Stigma, discrimination and victimization
Homeless SMY faced stigma and discrimination from health providers, at shelters and from the police which caused them to hide their sexual identity at times.20, 22 SMY experienced significantly higher levels of stigma related to homelessness and more discrimination compared to heterosexual homeless youth.2, 22 SMY reported higher rates of discrimination compared to heterosexual youth from their family (62% vs. 30%), from peers (77% vs. 46%) and from police (46% vs. 24%).22 Homeless SMY were more likely to be victimized and physically assaulted than non-sexual minority youth.2 Between 62-77% of homeless SMY reported they had been victims of past sexual abuse compared to 37% of heterosexual homeless youth.3, 4
Other relevant findings
Homeless youth who identified as “gay” or “lesbian” differed from those who identified as “bisexual” or “heterosexual.” Gay and lesbian youth engaged in survival sex more often, utilized fewer shelter-based resources, had more unprotected sex, and scored lower on assertive communications measures.1, 3, 22 Chistiani et al.21 found that SMY wanted culturally competent and sensitive health care, specific to their unique situation. Barriers to receiving care included perceived insensitivity by health care providers to the needs of this population and legal barriers related to consent for treatment.1, 21
Homeless sexual minority youth belong to a heterogeneous group with different needs based on their own individual traits, personal history, and their sexual orientation and gender identity. All SMY face a number of challenges in achieving and maintaining their health and safety. Homelessness complicates this already difficult situation. Research confirms homeless SMY are at greater risk for serious negative health outcomes and substantial barriers exist which prevent accessing care. Unfortunately, despite an increasing amount of attention and calls to address disparities in this population, a lack of evidence-based research useful to the NP remains.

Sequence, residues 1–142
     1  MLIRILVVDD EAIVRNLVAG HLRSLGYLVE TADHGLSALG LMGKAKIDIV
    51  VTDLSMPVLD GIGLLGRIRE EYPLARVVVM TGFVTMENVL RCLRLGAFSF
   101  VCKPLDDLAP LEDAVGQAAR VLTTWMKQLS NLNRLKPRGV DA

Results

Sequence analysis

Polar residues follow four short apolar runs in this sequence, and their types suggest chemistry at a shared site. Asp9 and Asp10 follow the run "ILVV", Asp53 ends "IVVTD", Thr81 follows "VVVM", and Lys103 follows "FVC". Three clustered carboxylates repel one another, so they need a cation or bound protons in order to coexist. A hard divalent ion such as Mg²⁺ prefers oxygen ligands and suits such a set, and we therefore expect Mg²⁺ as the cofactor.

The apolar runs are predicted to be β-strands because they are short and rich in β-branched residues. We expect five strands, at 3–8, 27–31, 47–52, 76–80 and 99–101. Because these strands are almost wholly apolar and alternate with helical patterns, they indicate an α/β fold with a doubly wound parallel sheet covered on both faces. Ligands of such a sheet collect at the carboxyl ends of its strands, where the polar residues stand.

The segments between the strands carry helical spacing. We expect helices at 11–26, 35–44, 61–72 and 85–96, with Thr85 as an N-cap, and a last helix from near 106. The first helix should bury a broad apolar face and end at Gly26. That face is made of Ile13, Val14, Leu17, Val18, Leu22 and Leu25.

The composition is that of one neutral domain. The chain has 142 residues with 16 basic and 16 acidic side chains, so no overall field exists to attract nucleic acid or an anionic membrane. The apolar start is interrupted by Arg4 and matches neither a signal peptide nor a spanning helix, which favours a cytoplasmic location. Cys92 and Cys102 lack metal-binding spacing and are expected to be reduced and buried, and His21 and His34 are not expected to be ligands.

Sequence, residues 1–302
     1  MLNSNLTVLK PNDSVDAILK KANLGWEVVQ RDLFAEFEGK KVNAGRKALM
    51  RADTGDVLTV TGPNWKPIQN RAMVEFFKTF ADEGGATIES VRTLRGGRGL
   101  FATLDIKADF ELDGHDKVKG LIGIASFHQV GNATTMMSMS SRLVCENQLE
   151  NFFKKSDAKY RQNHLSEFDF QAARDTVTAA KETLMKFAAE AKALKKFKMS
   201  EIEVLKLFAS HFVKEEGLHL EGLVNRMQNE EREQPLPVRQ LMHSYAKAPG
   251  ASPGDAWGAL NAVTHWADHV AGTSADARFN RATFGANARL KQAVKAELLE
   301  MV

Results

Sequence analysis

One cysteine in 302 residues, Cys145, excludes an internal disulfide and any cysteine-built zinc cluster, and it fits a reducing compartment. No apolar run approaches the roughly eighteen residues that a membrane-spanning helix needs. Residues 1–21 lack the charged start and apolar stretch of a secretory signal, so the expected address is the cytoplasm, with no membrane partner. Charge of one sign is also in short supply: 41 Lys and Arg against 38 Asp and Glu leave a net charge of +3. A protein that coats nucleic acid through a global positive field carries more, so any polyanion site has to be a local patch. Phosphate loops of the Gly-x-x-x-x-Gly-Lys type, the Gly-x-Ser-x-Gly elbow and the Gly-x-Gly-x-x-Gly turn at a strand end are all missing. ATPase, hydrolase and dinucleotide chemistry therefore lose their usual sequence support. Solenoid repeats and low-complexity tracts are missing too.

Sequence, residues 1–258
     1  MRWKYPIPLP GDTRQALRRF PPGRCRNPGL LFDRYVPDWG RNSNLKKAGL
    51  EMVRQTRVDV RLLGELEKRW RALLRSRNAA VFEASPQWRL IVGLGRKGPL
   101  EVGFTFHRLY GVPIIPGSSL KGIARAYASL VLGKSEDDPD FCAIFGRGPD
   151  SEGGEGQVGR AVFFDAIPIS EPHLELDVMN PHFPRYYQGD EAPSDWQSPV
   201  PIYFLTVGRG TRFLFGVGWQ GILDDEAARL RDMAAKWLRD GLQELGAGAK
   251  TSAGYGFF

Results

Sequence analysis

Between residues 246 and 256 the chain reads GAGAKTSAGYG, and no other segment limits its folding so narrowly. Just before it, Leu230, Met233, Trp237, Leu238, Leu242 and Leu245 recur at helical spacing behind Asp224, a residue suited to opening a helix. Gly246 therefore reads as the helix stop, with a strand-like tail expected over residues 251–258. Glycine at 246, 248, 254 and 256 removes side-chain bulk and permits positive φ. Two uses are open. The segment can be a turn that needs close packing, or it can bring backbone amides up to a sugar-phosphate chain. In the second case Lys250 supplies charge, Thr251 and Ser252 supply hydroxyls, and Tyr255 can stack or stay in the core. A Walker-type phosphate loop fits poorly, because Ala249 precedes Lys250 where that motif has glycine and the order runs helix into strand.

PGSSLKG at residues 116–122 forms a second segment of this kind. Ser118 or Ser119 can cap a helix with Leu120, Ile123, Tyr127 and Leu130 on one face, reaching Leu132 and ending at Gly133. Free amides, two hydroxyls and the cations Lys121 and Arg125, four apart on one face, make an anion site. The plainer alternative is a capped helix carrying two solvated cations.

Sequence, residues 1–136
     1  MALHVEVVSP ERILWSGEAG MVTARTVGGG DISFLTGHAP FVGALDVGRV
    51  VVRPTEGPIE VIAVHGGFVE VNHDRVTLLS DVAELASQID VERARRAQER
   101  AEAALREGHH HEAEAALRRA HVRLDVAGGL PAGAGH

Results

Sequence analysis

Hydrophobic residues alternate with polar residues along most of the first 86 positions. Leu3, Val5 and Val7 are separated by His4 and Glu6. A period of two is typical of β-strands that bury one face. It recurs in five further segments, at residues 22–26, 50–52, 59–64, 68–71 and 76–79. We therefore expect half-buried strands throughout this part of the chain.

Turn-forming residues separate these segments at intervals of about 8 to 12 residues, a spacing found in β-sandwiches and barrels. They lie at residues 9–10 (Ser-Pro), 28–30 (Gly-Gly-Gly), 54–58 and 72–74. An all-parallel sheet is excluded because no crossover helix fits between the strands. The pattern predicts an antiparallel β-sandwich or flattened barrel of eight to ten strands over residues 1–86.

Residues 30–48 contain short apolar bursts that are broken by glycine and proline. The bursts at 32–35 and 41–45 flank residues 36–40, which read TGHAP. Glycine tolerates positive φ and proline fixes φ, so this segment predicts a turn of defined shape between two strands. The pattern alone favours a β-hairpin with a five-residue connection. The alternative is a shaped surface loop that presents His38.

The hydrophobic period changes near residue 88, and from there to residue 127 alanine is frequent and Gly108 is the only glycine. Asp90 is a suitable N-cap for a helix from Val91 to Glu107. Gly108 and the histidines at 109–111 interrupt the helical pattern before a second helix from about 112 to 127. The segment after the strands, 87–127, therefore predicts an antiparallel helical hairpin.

A Framework for Clinical Practice
A theoretical or conceptual framework may be useful, if not necessary, for the NP to incorporate knowledge into practice. A framework helps identify and organize key concepts, complex phenomena, and their relationships.24 In selecting a theoretical framework for use in a population such as homeless SMY, it is essential to accept the environment and individual are interrelated. With its emphasis on the individual’s role within the environment, ecological systems theory is useful in conceptualizing the differences between homeless SMY and their heterosexual peers.2, 25 Hein advocated an ecological basis and explained “the central tenet within the ecological paradigm is that an individual cannot be considered outside of the context within which they function.” 26, p. 43 According to Hein,26 an ecological framework is consistent with nursing’s focus on both the patient and environment.
Dohrenwend’s Ecological Model of Stress 27 (Figure 1) is one application of the ecological paradigm which can be adapted and applied to nursing practice. The model includes the concepts of individual personal characteristics, stressful life events, individual skill training, situations in the environment, socialization and other factors that contribute to a transient reaction and eventually an outcome.27 In Dohrenwend’s model, all of the personal and environmental factors culminate into a transient stress reaction by the individual at which point an opportunity exists for a crisis intervention or corrective therapy followed by one of the following outcomes: psychological growth, no substantial psychological change, or psychopathology. 27
a Reprinted from Hein23
b This model is an adaptation of Dohrenwend’s Ecological model (Figure 1). The model depicts how the environment, homelessness, and personal characteristics influence a survival strategy which results in a survival outcome.
(The following permission statement is not part of the above Figure 2.). Adapted from Hein LC. Survival strategies of male homeless adolescents. J Am Psychiatr Nurses Assoc. 2011;17(4), p. 276. Copyright© 2011 by L.C. Hein. Reprinted by Permission of SAGE Publications.
Dohrenwend’s model is a psychological model and identifies interventions and potential outcomes in terms more suitable to psychology than nursing. The model does however provide a framework from which nursing interventions at the individual and environmental levels can be devised with only minor modifications. Hein’s model of male adolescent homelessness20, 23 (Figure 2) is an example of such a model. The model acknowledges the effect the environment, traumatic events and characteristics of the individual have on behavior and outcome.
aAdapted from Dohrenwend27 and Hein23
bWithin the framework of the nursing process, the model depicts how environmental and historical factors affect the individual and how health outcomes result from actions influenced by an individual’s survival strategy and health interventions.